For starters, chose your venue wisely. Many big banks don’t offer assistance to start-ups and, if they do, their lending practices are fairly stringent. Your best bet is to try a small or local community bank. According to Bartmann, many of these establishments have more money to lend because they didn’t practice lax lending habits prior to the recession, a sentiment that is supported by Frank Sorrentino, Chairman and CEO of North Jersey Community Bank (NJCB).
“We have not pulled away a single customers’ line of credit [following the recession], because the underwriting was done correctly to begin with,” Sorrentino says, adding that the seven branches of NJCB continue to regularly lend to small business owners.
To find a small bank that is in a similar situation in your area, both Bartmann and Harrop suggest contacting the Small Business Association (SBA), an independent agency of the federal government that aids, counsels and assists small business owners. Katie Newingham, Editor-in-Chief of NewbyMom.com, was able to get money for her web venture when the SBA put her in touch with Borrego Springs Bank, a Panama City-based establishment that, at the time, was the only bank in Florida offering loans to start-up companies.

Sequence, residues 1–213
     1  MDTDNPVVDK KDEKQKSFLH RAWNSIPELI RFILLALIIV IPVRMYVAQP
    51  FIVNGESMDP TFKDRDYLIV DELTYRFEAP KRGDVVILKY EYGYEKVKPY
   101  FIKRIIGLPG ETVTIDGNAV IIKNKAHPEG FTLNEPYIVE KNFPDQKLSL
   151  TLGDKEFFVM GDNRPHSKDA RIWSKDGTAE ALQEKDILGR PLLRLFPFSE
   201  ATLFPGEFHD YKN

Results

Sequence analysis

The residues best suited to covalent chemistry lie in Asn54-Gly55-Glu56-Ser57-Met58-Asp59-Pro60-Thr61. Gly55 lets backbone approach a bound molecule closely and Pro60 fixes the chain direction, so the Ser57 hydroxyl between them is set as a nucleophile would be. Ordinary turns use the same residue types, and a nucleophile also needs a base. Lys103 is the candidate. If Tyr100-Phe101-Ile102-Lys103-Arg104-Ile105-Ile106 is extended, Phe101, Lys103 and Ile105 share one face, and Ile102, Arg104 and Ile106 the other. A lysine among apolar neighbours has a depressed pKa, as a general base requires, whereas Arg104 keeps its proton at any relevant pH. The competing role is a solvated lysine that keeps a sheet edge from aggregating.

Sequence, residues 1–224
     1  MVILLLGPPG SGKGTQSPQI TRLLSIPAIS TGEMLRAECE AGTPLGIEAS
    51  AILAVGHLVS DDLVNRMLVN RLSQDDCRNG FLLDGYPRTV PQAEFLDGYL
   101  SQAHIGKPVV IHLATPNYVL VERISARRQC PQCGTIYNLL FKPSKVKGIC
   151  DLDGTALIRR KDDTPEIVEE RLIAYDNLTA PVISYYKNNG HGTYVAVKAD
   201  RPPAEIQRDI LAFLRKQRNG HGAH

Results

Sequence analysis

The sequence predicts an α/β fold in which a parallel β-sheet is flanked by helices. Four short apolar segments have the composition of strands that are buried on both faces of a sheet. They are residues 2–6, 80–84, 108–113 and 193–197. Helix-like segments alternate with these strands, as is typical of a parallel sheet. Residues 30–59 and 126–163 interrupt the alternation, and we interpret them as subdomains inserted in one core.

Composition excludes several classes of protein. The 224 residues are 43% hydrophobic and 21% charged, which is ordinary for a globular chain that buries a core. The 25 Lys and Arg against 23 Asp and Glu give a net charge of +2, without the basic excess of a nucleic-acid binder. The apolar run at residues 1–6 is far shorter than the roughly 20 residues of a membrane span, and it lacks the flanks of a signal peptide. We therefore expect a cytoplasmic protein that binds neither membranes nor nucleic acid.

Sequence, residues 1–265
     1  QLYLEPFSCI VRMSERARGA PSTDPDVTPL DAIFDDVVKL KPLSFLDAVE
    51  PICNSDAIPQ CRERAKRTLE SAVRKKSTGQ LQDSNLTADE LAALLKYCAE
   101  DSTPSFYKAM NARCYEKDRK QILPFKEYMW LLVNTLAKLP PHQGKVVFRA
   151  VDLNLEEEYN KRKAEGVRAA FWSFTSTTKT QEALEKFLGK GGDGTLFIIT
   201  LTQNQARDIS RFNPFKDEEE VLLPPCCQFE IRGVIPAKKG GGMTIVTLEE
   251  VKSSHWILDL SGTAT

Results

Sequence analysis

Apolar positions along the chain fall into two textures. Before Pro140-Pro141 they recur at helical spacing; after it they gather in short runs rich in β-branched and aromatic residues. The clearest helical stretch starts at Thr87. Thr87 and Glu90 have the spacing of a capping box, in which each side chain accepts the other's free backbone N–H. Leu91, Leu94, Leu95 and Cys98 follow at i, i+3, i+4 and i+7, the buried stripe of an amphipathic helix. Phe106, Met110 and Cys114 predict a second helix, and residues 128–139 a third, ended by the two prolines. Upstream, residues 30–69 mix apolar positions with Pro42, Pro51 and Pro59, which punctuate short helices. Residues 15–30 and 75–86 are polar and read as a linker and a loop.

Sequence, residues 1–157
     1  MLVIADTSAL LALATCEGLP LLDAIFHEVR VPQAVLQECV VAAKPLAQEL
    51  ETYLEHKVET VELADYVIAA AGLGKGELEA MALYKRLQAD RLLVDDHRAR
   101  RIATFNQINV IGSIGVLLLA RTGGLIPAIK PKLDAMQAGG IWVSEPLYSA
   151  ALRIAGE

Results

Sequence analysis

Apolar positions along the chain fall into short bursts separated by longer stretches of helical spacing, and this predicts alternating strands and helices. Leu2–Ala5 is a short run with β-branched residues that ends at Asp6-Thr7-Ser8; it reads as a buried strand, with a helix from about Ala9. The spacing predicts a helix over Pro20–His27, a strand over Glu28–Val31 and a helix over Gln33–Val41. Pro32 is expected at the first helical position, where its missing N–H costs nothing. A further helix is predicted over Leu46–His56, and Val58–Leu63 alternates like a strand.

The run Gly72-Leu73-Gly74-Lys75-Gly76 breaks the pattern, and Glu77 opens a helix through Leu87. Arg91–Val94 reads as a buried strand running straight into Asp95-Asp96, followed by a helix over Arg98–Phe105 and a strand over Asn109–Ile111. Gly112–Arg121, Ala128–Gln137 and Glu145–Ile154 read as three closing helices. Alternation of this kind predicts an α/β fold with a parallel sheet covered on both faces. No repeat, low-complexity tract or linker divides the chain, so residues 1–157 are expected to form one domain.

“I wrote a 15-page business and marketing plan, filled out an application and sent it in,” Newingham, who got her loan in May 2010 (she was initially denied by Bank of America because her start-up business was in its first two years), explains. She adds that while she had to jump through many hoops during the application process (mostly vouching for partners she intended to bring on board), ultimately, she was able to get a loan “when everyone said it was impossible.”